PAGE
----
The last time I went to a Barksdale production where people walked out, it was the older contingent and because of full frontal male nudity.
Today it was wholesome families and because of crude humor and loads of sexual references ("Wrap your legs around my head and crush it like a grape").
Kudos to Barksdale. I say if you can't stand the heat of comedy, stay out of the theatrical kitchen.
We went to the matinee of "Dirty Rotten Scoundrels" at the Empire Theater, making for an easy five-block walk from my apartment to our ninth row center seats.
The story of two con men trying to see who can score with a wealthy woman first allowed for lots of physical humor and bawdy talk, but also several local references.
During Scott Wichmann's masterfully-done "Great Big Stuff" rap, he was singing about the things he could afford if only he had money.
"I can finally see a Barksdale show!" he sang to much amusement among the theater-going set.
Later when the seasoned con goes to divide up the world into con territories, he gives the newcomer the lowest locations: China, Iceland, El Salvador...and Goochland. Ouch.
Dialog was funny, often raunchy and quick, so some of the oldsters near me missed a lot of good lines.
You need to stay awake at the opera!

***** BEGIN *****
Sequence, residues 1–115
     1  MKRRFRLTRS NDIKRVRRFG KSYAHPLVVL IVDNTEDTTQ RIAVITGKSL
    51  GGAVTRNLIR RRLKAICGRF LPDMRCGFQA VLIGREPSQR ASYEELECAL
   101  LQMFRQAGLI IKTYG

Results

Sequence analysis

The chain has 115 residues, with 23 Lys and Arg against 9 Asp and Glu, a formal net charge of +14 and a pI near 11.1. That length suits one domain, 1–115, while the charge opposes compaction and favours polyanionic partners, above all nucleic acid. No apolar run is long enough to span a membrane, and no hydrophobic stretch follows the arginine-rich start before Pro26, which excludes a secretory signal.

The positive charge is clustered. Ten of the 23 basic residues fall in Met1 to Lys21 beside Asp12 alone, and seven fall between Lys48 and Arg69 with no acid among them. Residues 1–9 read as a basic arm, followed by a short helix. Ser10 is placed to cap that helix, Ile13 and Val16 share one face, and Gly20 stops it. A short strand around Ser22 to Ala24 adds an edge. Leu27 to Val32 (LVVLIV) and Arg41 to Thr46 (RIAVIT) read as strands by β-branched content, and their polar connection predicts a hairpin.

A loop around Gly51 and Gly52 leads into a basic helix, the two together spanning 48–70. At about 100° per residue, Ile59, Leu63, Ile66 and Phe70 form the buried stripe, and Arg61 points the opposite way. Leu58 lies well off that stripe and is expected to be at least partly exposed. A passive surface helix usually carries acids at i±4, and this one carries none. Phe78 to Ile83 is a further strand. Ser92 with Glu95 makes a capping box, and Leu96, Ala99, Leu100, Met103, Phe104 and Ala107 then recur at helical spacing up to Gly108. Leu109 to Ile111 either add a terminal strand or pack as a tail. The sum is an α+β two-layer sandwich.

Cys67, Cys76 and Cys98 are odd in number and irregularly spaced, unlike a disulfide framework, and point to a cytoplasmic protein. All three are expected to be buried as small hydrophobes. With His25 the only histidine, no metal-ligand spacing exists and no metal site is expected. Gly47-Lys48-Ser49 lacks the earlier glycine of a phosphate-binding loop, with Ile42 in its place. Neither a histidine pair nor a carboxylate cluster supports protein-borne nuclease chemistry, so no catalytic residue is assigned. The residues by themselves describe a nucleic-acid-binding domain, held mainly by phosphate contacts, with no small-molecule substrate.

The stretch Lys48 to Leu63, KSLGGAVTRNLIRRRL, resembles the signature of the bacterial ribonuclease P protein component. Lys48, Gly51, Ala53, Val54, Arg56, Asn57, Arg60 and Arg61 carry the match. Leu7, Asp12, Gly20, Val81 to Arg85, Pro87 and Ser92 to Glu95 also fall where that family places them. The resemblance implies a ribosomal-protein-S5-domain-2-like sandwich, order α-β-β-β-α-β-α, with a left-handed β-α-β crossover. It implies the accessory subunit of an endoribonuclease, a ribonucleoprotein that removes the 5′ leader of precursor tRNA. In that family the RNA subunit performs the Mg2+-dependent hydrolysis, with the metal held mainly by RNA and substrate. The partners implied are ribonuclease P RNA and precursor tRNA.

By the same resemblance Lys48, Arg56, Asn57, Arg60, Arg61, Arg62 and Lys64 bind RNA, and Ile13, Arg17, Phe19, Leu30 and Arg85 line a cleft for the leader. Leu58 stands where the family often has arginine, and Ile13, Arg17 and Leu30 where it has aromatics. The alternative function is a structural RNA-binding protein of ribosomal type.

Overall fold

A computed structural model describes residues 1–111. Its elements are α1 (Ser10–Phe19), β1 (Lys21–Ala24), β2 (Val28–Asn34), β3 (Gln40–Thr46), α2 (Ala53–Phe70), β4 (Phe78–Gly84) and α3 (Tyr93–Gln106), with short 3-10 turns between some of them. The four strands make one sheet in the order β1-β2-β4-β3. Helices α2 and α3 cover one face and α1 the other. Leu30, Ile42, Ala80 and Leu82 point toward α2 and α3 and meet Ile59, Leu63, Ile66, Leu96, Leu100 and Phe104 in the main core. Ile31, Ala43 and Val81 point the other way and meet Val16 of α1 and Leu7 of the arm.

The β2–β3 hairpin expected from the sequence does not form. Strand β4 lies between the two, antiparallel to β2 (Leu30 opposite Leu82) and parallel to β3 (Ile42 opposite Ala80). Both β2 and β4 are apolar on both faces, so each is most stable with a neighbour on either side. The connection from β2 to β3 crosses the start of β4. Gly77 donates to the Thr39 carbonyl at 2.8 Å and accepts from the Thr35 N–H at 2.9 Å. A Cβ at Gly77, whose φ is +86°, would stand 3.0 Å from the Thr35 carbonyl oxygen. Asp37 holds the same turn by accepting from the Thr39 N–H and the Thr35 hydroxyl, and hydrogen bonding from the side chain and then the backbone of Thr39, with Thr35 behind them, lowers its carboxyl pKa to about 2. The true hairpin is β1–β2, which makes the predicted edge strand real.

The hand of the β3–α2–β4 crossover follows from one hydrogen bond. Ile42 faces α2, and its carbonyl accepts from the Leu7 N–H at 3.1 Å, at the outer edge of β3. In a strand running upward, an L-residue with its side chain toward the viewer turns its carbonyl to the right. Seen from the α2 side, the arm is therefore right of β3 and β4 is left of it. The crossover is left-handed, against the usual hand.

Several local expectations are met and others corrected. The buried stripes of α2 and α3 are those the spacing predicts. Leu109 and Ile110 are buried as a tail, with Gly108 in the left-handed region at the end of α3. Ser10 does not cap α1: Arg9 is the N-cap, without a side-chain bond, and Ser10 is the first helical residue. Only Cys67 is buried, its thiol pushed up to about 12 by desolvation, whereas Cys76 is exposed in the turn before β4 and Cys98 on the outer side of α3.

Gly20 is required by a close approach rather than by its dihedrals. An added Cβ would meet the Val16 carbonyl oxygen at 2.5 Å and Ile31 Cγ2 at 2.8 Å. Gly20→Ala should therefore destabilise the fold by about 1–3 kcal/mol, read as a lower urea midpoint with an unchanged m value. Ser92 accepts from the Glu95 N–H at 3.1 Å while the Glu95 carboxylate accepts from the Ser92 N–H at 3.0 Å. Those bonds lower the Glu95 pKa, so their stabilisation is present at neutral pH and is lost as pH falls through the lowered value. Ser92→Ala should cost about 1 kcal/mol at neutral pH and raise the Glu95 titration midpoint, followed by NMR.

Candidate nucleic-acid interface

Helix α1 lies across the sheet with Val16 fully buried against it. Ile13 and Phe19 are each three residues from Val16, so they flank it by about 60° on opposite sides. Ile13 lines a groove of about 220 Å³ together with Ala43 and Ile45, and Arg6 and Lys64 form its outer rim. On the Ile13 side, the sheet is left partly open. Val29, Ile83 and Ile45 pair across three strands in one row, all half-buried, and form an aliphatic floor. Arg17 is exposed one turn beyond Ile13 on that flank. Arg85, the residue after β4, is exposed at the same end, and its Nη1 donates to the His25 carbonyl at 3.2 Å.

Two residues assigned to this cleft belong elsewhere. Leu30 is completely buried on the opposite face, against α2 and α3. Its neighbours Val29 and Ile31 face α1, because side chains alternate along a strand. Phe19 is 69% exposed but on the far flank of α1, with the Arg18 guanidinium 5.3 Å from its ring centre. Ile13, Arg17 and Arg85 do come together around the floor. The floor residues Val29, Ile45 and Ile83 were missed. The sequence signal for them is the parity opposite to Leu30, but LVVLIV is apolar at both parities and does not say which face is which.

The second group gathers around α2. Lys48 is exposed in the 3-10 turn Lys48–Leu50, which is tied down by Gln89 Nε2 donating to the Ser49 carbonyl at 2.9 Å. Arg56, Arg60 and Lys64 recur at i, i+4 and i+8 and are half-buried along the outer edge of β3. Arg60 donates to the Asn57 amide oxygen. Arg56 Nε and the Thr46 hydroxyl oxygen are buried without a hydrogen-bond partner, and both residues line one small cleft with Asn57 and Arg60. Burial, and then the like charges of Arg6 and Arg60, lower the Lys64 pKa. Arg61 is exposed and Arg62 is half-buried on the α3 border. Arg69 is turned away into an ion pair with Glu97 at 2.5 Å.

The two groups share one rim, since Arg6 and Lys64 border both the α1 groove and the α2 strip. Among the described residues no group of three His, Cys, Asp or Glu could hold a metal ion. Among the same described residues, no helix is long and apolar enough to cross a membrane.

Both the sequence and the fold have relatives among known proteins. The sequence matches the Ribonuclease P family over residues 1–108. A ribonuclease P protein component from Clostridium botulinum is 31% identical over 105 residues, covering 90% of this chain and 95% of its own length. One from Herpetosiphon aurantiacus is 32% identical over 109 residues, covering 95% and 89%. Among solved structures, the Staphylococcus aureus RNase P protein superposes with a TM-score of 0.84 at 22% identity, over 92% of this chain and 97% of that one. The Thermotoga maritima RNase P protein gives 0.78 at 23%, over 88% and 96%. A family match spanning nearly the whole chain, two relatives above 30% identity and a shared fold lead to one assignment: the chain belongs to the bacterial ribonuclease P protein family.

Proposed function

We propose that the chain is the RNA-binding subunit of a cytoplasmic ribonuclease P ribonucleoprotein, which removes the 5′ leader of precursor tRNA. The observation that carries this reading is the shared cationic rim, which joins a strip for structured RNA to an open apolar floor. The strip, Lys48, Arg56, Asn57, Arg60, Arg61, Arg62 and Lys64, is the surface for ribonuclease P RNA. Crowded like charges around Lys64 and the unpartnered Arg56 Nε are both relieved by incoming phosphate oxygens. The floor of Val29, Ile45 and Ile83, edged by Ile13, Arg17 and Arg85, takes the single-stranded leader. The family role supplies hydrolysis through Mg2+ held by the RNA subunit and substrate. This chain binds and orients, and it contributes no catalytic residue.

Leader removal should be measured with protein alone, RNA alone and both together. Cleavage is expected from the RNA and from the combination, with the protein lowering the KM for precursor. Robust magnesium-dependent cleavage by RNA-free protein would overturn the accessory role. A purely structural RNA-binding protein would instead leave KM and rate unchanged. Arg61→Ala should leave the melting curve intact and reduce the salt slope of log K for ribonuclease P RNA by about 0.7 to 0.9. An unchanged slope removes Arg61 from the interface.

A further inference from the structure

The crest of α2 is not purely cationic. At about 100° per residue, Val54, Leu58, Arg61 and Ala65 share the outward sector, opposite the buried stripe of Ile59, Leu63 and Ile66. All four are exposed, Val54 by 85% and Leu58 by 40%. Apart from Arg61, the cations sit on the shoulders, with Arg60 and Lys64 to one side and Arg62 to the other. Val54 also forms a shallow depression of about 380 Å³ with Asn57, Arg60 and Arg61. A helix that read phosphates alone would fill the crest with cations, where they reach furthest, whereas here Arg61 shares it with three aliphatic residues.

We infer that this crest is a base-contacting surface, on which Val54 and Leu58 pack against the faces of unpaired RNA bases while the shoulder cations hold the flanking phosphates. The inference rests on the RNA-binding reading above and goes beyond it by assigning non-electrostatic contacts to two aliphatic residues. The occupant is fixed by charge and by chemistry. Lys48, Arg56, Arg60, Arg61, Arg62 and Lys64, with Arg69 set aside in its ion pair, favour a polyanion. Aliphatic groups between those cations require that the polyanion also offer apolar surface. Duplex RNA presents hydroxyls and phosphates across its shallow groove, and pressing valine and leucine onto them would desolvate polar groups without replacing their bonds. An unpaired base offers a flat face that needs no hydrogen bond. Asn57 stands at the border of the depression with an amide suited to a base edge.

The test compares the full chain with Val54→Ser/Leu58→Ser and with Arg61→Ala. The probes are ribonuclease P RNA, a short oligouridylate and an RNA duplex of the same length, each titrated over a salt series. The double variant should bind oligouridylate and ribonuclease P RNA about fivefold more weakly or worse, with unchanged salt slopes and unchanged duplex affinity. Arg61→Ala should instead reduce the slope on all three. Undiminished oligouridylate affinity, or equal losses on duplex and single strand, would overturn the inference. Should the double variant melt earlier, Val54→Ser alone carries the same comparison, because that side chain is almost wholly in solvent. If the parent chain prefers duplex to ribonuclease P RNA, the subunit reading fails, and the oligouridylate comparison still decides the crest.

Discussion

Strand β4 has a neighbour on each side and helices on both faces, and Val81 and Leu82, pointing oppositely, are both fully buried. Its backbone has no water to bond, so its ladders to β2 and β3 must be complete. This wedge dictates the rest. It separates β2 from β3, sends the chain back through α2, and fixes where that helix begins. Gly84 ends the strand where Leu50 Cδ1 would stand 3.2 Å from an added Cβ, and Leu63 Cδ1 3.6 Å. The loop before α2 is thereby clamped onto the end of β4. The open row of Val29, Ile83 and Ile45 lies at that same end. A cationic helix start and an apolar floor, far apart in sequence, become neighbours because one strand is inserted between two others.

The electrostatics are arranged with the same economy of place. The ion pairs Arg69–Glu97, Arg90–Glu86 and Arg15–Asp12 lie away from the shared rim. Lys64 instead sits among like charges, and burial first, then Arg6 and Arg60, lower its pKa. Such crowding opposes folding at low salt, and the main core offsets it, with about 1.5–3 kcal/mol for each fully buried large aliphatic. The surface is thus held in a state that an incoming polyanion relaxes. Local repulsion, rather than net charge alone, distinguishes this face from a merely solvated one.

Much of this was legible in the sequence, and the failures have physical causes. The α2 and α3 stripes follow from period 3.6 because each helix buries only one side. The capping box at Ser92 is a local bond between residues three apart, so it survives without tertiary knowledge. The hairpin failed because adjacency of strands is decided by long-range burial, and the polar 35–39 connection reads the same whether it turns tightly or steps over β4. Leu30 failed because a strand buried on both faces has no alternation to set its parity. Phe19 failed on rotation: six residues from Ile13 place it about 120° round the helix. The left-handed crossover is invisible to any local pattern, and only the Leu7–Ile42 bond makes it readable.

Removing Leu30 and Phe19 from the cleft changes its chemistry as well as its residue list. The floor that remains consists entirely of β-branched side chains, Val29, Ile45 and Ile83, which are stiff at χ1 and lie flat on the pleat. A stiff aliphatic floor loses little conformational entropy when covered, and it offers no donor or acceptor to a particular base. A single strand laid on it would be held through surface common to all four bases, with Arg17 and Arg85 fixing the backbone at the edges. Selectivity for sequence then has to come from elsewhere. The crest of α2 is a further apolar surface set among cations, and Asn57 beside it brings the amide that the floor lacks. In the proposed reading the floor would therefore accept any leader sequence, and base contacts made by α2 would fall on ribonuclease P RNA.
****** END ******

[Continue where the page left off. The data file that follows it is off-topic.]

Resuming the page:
It was six hours!
It was WAGNER!
I don't want to have sex and eat bacon for SIX hours!
Because, as we all know, the barometer by which we measure pleasure in life is having sex and eating bacon. No, really.
But I think it was the references to shaved testicles, genital clamps, KY Jelly, and milkshake enemas that may have caused the happy family next to me to jump ship at intermission, leaving candy wrappers and soda cups strewn in their part of the row they had just vacated.
I could tell when they didn't laugh at seeing Wichmann in boxers with one cheek fully visible, much less at the political jokes, that Mom was not enjoying herself.
Too bad they couldn't just focus on the humor, like the character singing about her heart's desire:
Let me have love unending
Let me look good in shorts
What she said.
I know, it's asking a lot, but it's funny. That's why it's called comedy.